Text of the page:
Photo of the Week

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The view from the Théâtre de l"Odéon at dusk. Photo: Françoise Deberdt-Meunier

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Paris Update What’s On

Links to events happening this week in Paris.

Left Bank gallery crawl
> Open house at 50 galleries for Art Saint Germain des Prés. Various venues, Paris, May 18-June 3.

Gold in galleries

ParisUpdate-CarreRiveGauche-Passage AH 0

“Passage” ((2017), by Aude Herlédan. At 1831 Art Gallery during Carré Rive Gauche.

> The Carré Rive Gauche, an association of Left Bank galleries, celebrates its 40th anniversary with an event called ExtrORdinaire, featuring gold in works of art. Various venues, Paris, May 18-June 3.

Literary evening
> The Nuit de la Littérature in Belleville and Ménilmontant presents 20 foreign authors reading their work in French. Various venues, Paris, May 27.

 English-language theater festival
> Paris Fringe returns for its second year of English-language theater and comedy. Various venues, Paris, May 18-28.

Hollywood glam
> Marilyn Monroe, Greta Garbo, Ava Gardner, Marlene Dietrich and more in classic films from Hollywood's Golden Age for the Glamour cycle. Forum des Images, Paris, May 3-31.

French film with English subtitles
> Lost in Frenchlation shows Etienne Comar’s Django, preceded by a themed cocktail party (€4.50). Studio 28, Paris, May 26.

Virtual reality
> Drop in on Saturday or Sunday from 2pm to 8pm for a free virtual trip at the VR Express festival. Forum des Images, Paris, through June 30.

Dance in historic sites
> Monuments en Mouvement offers free dance performances in national monuments like the Pantheon in Paris, the Abbaye de Cluny and châteaux. Various locations, through Oct. 21.

African culture festival
> The 100% Afriques festival showcases dance, theater, music, fashion, design, art, food and more from all over the continent. La Villette, Paris, through May 28.

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Hot Topics - Tales of la Ville

 

What Parisians Are Talking About This Week, June 11, 2014

Anti-Semitism, Love Locks,
Museum Scandal, Clinton

Paris Update Locks On Locks

Love locks. Photo by David Jaggard.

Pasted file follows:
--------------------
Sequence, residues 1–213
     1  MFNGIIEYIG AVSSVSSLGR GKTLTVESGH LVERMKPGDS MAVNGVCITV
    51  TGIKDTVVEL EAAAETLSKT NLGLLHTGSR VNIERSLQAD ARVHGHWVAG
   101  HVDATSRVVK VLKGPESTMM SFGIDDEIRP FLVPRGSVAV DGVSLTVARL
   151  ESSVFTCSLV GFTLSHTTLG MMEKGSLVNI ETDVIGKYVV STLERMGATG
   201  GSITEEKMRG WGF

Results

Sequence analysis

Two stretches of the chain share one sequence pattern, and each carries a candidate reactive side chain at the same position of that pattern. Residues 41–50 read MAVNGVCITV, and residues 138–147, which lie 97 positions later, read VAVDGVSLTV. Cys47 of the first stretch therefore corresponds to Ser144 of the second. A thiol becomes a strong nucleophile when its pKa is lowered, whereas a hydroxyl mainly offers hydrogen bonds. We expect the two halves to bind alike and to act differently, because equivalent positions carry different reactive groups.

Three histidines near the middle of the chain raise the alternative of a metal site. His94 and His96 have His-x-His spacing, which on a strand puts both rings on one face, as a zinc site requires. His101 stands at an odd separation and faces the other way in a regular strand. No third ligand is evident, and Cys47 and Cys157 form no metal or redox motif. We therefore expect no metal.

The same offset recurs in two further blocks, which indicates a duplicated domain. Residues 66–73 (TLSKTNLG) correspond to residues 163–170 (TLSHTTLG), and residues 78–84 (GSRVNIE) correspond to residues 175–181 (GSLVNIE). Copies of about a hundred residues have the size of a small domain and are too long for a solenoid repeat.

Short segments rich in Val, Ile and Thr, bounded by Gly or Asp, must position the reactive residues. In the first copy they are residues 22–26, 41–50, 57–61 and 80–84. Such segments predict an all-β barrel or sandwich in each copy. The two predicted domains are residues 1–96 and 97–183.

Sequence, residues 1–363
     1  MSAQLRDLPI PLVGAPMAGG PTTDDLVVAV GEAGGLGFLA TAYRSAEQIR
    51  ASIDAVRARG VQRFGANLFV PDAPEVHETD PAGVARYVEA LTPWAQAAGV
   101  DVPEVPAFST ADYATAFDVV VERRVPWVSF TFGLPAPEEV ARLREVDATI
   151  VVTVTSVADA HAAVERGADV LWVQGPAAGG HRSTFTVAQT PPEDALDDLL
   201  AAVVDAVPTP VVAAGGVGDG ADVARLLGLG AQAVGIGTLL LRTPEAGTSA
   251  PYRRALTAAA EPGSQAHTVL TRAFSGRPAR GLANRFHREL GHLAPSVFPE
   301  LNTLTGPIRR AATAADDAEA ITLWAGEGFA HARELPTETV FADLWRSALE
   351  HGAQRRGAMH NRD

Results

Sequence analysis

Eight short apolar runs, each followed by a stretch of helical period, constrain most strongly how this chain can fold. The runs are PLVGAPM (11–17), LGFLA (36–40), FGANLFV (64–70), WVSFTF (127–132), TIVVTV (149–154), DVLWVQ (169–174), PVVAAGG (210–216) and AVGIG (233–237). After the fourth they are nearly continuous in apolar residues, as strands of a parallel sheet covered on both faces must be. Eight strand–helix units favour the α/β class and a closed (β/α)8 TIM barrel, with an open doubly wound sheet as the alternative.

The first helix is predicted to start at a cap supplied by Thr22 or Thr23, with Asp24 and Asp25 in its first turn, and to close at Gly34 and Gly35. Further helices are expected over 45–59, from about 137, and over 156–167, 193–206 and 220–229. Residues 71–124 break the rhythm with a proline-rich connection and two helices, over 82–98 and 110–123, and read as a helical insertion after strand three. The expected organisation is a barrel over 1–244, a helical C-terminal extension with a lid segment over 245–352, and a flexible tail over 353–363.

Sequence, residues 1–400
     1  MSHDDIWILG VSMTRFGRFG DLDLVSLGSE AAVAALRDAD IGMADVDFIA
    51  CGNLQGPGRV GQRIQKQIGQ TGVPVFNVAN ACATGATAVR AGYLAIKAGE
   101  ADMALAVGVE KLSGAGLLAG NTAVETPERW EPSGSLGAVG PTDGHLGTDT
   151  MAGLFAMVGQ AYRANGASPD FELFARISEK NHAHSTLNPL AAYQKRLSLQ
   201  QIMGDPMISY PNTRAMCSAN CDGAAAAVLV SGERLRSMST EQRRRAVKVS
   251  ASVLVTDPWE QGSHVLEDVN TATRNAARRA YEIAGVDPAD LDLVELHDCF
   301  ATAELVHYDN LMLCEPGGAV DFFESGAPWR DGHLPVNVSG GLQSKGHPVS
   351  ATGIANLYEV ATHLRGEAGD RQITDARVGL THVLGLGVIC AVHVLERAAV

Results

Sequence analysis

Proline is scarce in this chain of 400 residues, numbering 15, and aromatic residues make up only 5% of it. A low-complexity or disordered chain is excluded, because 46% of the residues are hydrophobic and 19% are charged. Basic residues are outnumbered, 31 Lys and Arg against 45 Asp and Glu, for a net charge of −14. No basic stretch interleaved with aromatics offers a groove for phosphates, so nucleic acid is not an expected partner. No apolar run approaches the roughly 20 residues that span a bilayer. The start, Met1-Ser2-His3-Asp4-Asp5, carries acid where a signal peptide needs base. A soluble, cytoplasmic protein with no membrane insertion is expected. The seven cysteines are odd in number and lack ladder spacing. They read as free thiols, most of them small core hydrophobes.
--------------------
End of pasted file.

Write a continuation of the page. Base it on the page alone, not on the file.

Bald anti-Semitism The latest anti-Semitic remark by Jean-Marie Le Pen, honorary president of the far-right-wing National Front party, has led to a public spat between him and his daughter, current party leader Marine Le Pen, and her companion Louis Aliot, vice-president of the party. Marine Le Pen and Aliot, who are trying to soften the party’s image, objected to a remark made by the elder Le Pen, who, while spewing insults at his critics, saved a special one for singer Patrick Bruel, who is Jewish: “On fera une fournée la prochaine fois,” he said, which essentially means, “Next time, we’ll set up an oven for him.” As the French press has pointed out, his comment served to remind the public of the “fascist, racist, extreme-right origins of the party.” Le Pen’s comment after his video blog was removed from the party’s site: “My daughter has stabbed me in the back.”

The weight of love Part of the railing on the Pont des Arts fell into the Seine this weekend under the burden of the thousands of “love locks” attached to it. No one was hurt, but imagine if a tourist-packed Bateau Mouche had been passing under the bridge at that moment. (To join the anti-love-locks movement, click here.)

The Picasso Museum scandal The uproar over Minister of Culture Aurélie Filippetti’s botched handling of the reopening of the much-loved museum in the Marais refuses to die down. Dismissed Director Anne Baldassari, who had run the museum for 10 years and shepherded it through a five-year renovation, is threatening to sue, and the museum’s reopening in September is in doubt. Meanwhile, Laurent Le Bon, director of the Centre Pompidou-Metz, has been named the Picasso Museum’s new director.

Gossipy Sarko Hillary Clinton’s take on Nicolas Sarkozy in her new memoir, Hard Choices: “He would gossip, casually describing other world leaders as crazy or infirm; one was a ‘drug-addled maniac’; another had a military ‘that didn’t know how to fight’; yet another came from a long line of ‘brutes.’ Sarkozy was forever asking why all the diplomats who came to see him were so unforgivably old, gray, and male.”

Heidi Ellison

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